Facebook Twitter Google Plus Vimeo Youtube Feed Feedburner

ROS LBoard 1

CHOGM – Acid test for Najib

November 12, 2013

Our prime minister has so much to gain by not going than to commit a crime of attending CHOGM in Colombo later this week.


By K Arumugam

If our prime minister steps on the soil of Sri Lanka for the Commonwealth Heads of Government Meeting (CHOGM) later this week, he will be committing one costly political blunder.

It will surely earn the displeasure of the Malaysian Tamils who had supported him in the last election. In a larger context Najib Tun Razak will be seen to have duped larger minorities within Malaysia for trading humanity and human dignity with hegemonic sovereignty that acted with impunity.

Sri Lanka is accused of war crimes and crimes against humanity for killing over 40,000 civilian Tamils in the last phase of war that ended on May 17, 2009. That military act was brutal and its conduct was without witness save for its own military personnel.

The ethnic Tamils of Sri Lanka were living as a distinct nationhood parallel to that of the Singhala Kingdom prior to colonization. Sri Lanka became a unitary state when it was colonized by the British.

Continuing the British system after independence the majority Singhala politicians introduced systematic marginalization, disenfranchisement of citizenships and discriminatory policies against the Tamils. Tamils fought back.

When their non-violent struggle was met with the brute power of the state, the Tamils were pushed to take up arms in their right to self-determination. If the Tamils struggle was to take place right after the Second World War, it would have been called an independence struggle. That was the setting.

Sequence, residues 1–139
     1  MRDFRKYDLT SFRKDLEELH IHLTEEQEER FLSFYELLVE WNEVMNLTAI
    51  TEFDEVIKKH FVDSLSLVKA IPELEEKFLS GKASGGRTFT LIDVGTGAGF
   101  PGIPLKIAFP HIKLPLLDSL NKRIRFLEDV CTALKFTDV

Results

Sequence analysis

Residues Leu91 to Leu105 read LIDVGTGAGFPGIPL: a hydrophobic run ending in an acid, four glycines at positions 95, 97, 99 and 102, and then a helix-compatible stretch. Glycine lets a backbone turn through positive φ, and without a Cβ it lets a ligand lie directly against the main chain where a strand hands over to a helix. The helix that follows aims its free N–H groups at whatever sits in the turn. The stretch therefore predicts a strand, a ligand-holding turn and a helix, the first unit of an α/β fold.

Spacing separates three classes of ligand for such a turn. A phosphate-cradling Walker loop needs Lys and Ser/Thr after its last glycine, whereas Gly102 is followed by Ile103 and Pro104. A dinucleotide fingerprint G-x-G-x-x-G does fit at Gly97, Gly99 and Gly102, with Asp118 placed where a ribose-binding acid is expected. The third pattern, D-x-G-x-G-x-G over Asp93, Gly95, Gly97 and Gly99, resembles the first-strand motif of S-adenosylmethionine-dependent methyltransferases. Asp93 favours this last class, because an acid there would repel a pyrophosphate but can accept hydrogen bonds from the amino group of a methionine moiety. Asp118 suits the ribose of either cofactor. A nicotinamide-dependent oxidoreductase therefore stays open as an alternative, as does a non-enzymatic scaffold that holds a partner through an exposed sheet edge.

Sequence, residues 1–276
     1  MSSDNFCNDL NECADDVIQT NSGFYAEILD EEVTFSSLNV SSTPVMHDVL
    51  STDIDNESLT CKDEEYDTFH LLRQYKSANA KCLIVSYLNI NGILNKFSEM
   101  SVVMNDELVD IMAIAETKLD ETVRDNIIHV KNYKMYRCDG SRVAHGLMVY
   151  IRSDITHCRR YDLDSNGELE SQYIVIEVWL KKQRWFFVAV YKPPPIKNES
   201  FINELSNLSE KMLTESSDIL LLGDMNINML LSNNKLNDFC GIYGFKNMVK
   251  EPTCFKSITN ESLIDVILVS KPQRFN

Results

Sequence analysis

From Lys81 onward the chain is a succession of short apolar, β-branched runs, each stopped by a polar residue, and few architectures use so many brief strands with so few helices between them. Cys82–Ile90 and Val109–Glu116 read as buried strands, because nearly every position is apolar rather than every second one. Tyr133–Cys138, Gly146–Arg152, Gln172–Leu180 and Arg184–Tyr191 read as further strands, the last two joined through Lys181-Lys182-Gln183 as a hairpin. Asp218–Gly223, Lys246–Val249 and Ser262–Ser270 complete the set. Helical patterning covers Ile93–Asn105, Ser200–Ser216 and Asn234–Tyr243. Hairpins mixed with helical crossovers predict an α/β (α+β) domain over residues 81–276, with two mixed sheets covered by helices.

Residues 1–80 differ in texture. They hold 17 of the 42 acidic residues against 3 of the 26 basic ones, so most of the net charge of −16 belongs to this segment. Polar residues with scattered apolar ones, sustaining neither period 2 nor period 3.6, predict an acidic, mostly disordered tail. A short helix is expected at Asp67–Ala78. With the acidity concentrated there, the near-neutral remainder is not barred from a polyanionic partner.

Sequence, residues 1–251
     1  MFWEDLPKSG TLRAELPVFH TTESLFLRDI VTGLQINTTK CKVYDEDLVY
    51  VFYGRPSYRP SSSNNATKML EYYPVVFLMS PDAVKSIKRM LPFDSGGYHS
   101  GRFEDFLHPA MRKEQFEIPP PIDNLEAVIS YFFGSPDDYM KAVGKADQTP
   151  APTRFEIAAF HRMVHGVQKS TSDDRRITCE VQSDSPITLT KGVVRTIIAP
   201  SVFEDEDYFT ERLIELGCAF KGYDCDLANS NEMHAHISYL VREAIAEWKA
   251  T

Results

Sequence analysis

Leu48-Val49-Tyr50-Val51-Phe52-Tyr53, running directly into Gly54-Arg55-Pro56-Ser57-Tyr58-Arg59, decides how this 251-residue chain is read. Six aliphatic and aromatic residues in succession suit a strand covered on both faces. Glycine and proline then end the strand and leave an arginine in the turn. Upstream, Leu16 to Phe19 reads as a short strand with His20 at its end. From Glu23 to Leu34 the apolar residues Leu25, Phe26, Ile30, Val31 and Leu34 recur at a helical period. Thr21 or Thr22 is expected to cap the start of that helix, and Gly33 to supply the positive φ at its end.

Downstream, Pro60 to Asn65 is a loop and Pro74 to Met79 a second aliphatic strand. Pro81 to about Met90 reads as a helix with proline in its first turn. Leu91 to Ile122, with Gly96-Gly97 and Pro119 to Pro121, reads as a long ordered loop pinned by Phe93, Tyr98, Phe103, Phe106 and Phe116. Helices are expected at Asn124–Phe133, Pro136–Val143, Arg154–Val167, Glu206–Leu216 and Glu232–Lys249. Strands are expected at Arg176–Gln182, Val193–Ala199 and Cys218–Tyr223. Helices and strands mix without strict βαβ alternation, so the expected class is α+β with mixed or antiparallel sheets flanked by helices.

Immediately after the war in May 2009, Sri Lanka diplomatically labeled the crushing of the Tamils as a military solution to liberate the Tamils from the control of the Liberation Tigers of Tamil Eelam calling them terrorist.

A resolution was tabled at the Human Rights Council (HRC) on May 26, 2009 justifying the military solution as an act in line with the promotion and protection of human rights’ standards. Malaysia was bought into that and voted for Sri Lanka, despite local Tamils crying foul.

However, soon after images of the war began to surface. It fueled worldwide condemnation. Various levels of compromise in the United Nations monitoring of the event were exposed. Sri Lanka tactfully handled it roping China and India as accomplices to the act with many few allies in the region.

British television channels screened the first video titled ‘The Killing Fields of Sri Lanka’ exposing summary executions and indiscriminate bombings and abductions. Coupled with United Nations Panel of Experts findings and international lobby by Tamil Diaspora the UN conceded that Sri Lanka must be pushed to account for its conduct during the war.

Playing politics

Pressure built up locally pressuring Najib to play a statesman role in view of the prevailing information on its foreign policy over Sri Lanka. Subsequently, Malaysia refused to support Sri Lanka on resolutions tabled in 2012 and 2013 on issues accountability on the conduct Sri Lanka during the war.